Great train robber Ronnie Biggs has been discharged from hospital after treatment for severe pneumonia.
Ronnie Biggs has served two years of a 30-year jail term
Biggs, 73, had been taken from Belmarsh Prison to the Queen Elizabeth II Hospital in south London.
He was left "very weak and very frail" by the illness and it was initially thought he had suffered a heart attack.
He had been held in Belmarsh since he returned voluntarily to the UK in May 2001 - 36 years after escaping from jail and fleeing abroad.
His bid to appeal against his 30-year jail term was dismissed in October.
His son, Michael, 29, had been at his bedside since he was taken to hospital on Tuesday night.
"From what the doctor has told me, they don't think he had a heart attack last night but believe it is a severe case of pneumonia.
"They think this may have made his heart beat in a different way."
A spokeswoman for the hospital said Biggs had been discharged at around 1545 GMT and taken back to Belmarsh.
Biggs has already suffered two minor heart attacks since returning to the UK, and had three strokes and two epileptic seizures.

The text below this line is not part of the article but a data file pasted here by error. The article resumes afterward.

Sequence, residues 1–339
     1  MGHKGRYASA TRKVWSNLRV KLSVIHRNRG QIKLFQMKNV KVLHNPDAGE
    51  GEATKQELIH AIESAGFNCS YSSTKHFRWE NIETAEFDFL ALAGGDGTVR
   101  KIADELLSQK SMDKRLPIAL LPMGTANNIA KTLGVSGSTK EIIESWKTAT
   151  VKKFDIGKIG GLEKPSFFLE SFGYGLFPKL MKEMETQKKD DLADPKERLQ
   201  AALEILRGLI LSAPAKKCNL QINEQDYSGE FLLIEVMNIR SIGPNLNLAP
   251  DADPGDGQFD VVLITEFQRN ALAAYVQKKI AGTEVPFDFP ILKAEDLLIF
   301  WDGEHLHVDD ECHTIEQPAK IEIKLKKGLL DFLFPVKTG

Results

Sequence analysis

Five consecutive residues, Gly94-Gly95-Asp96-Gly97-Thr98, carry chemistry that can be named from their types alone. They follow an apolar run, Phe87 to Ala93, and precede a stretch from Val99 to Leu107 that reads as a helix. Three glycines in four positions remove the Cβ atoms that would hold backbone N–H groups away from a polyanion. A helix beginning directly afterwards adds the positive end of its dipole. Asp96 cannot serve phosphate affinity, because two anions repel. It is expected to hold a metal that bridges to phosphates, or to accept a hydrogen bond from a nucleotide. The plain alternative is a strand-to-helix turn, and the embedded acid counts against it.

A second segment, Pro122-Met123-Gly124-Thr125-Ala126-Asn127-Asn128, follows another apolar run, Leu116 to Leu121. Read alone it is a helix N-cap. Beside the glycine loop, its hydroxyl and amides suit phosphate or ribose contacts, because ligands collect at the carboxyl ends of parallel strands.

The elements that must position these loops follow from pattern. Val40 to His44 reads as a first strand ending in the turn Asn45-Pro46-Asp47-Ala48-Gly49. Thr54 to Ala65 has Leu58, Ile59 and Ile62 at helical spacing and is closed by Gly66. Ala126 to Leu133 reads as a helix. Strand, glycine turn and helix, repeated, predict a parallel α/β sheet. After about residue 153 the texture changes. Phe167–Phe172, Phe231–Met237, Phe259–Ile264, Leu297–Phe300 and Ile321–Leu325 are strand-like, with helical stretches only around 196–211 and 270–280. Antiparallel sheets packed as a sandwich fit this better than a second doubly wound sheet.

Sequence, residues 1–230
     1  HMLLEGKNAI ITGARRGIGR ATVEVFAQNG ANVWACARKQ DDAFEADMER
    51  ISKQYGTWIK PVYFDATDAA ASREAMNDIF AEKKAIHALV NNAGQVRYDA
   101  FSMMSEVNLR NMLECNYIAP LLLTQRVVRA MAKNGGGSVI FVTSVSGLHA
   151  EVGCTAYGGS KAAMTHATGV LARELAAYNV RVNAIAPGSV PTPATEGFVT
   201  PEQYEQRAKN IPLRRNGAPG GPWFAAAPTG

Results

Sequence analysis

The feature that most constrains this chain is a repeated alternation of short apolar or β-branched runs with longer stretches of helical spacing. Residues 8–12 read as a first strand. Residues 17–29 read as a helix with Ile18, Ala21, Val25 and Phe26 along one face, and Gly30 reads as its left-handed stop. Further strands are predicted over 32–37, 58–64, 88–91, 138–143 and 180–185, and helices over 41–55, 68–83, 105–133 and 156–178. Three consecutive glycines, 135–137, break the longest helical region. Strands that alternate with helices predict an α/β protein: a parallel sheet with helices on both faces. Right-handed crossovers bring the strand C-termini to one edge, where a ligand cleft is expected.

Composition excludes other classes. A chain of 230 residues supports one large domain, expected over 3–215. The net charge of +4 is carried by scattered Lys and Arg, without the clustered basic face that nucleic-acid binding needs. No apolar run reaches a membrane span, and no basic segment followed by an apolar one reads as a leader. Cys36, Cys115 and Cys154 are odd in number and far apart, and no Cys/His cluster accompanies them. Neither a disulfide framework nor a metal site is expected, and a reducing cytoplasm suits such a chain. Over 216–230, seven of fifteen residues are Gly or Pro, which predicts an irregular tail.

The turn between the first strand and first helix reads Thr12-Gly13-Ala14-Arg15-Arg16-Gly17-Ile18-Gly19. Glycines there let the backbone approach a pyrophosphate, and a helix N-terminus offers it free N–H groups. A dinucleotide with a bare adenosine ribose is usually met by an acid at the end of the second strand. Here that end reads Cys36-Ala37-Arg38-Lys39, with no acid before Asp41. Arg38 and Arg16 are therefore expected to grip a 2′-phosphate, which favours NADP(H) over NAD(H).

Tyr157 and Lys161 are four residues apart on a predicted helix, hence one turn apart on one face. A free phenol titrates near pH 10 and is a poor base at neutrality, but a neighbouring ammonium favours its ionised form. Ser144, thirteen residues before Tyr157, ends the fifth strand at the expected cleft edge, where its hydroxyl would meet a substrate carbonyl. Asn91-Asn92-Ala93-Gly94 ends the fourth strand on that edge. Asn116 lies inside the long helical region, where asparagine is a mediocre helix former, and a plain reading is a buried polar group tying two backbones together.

The robber was caught and jailed for his part in the infamous £2.6m heist on a Glasgow-to-London mail night train in 1963.
But he escaped from Wandsworth Prison in 1965 and fled abroad, spending most of his time in Rio de Janeiro.
His son Michael says keeping him in Belmarsh high-security prison when he is so unwell is a waste of taxpayers' money.
"My father came back to close a chapter in his life. He is an Englishman who wanted to come home.
"It would be nice if the present government was to show some compassion and
at least take him out of a maximum security jail."